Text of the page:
In category theory one frequently defines concepts via universal properties. Examples are

  • (co)equalizers of pairs of morphisms having the same domain and codomain

  • (co)kernels of morphisms in categories with zero-objects

  • (co)products of families of objects

  • limits of inverse systems / colimits of direct systems

Such definitions normally do not produce unique results, things are only determined up to "canonical" isomorphism.

On the other hand, one often reads that such definitions allow to define functors having the approprioate universal properties. As an example, if $\mathcal C$ is a category with finite products, there should be a functor $$P : \mathcal C \times \mathcal C \to \mathcal C$$ such that $P(A,B)$ is "the" product object of $A, B \in \mathcal C$. Okay, this $P$ does not really allow to capture the universal property of the product, so perhaps one should better regard $P$ as functor into a category $\mathcal C'$ of certain diagrams in $\mathcal C$ such that $P(A,B)$ has the universal property of the product.

The essential point is this:

Since products are only determined up to isomorphism, we have to make a choice for any pair $(A,B)$. This seems to require a variant of the axiom of choice for classes - which appears to be very dubious.

So what can be done to settle the choice problem? Do we need further assumptions to make definitions via universal properties functorial?

  • 2
    $\begingroup$ Yes, there is a problem with defining it on objects if you take “exists” literally. Either you replace it with “chosen” (or “given”), which is never a problem in practice, or you assume a suitable axiom of choice. $\endgroup$
    – Zhen Lin
    Feb 28 at 12:45

1 Answer 1


After pondering about Zhen Lin's comment, it seems to me that this only a theoretical problem.

If we only know that $\mathcal C$ has "things" described via a universal property, then we get indeed a choice problem. Since the objects of $\mathcal C$ in general form a proper class, we would need a version of the axiom of choice for classes. My knowledge about set theory is limited, but I have never seen such a general choice axiom and can't judge which problems it could cause.

The general pattern of a universal property is this: We are given a diagram $\Delta$ in $\mathcal C$ consisting of a family of objects $(X_i)_{i \in I}$ and a family of morphims between these $X_i$. Then we consider diagram extensions $\Delta^*$ obtained from $\Delta$ by adding a single object $X(\Delta^*)$ and morphisms between $X(\Delta^*)$ and the $X_i$ such that some characteristic condition $\mathfrak P$ is satisfied. We consider two types of diagram extensions: Sink extensions in which all added morphisms have codomain $X(\Delta^*)$, i.e. have the form $f_i^{\Delta^*} : X_i \to X(\Delta^*)$, and source extensions in which all added morphisms have domain $X(\Delta^*)$, i.e. have the form $f_i^{\Delta^*} : X(\Delta^*) \to X_i$.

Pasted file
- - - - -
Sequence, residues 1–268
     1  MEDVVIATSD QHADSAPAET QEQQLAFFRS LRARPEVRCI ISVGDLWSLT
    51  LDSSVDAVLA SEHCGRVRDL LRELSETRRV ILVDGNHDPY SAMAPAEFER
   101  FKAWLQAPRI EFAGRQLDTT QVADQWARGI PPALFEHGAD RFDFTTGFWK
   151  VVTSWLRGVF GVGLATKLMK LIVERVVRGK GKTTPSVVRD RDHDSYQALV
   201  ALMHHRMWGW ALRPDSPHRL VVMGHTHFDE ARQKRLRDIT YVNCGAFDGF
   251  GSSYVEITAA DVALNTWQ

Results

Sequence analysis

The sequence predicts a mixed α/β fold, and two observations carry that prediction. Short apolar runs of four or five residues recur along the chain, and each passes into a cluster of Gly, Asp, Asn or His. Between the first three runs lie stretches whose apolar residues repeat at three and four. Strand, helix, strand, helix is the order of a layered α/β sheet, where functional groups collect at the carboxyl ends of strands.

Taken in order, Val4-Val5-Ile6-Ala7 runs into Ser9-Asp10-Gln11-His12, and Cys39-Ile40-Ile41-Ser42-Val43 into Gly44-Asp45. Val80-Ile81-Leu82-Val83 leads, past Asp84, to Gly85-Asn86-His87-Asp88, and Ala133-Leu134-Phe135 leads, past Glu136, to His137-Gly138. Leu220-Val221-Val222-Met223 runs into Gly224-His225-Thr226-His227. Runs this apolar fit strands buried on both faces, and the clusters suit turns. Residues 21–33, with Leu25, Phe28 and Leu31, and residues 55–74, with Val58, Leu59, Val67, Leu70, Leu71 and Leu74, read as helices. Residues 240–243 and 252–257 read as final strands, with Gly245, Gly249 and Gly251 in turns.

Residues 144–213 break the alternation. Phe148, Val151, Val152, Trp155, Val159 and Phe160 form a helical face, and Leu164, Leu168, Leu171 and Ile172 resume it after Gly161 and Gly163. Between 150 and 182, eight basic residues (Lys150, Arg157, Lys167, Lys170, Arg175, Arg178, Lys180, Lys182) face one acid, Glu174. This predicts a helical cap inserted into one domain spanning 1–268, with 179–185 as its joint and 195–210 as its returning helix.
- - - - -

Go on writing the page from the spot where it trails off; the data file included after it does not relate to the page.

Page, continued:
Let us focus on sink extensions; everything can of course be formulated "dually" for source extensions.

A morphism from a sink extension $\Delta_1^*$ to a sink extension $\Delta_2^*$ is a morphism $\phi: X(\Delta_1^*) \to X(\Delta_2^*)$ such that $f_i^{\Delta_2^*} \circ \phi = f_i^{\Delta_1^*}$ for all $i \in I$.

A sink extension $\Delta_u^*$ is called a universal sink extension of characteristic $\mathfrak P$ if for each source extension $\Delta^*$ there exists a unique morphism $\phi : X(\Delta^*) \to X(\Delta_u^*)$.

Equalizers, kernels, products and limits are examples of universal sink extensions; coequalizers, cokernels, coproducts and colimits are examples of universal source extensions. So perhaps we should call a source extension a cosink extension.

How do we know that a diagram $\Delta$ in a category $\mathcal C$ has a universal sink or source extension?

Certainly we have to give a proof, and this requires an explicit construction assigning to $\Delta$ an object $X_u(\Delta)$ and morphisms between $X_u(\Delta)$ and the $X_i$. Such a constructive existence proof usually will not involve any choices; it works like a (deterministic) algorithm.

In other words, we get a function assigning to an input consisting of a diagram $\Delta$ an output consisting of a specific universal extension $\Delta^*_u$.

Therefore, if we have some category $\mathcal C^*$ of diagrams in $\mathcal C$ with universal universal sink or source extensions of characteristic $\mathfrak P$, we get a functor $$\mathfrak P^* : \mathcal C^* \to \mathcal C^s$$ where $\mathcal C^s$ denotes the category of sink or source diagrams in $\mathcal C$.

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    $\begingroup$ Such a general choice principle is used by Bourbaki, for example. $\endgroup$ Mar 4 at 12:58
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    $\begingroup$ Your extensions is what most people call cones. $\endgroup$ Mar 4 at 13:00

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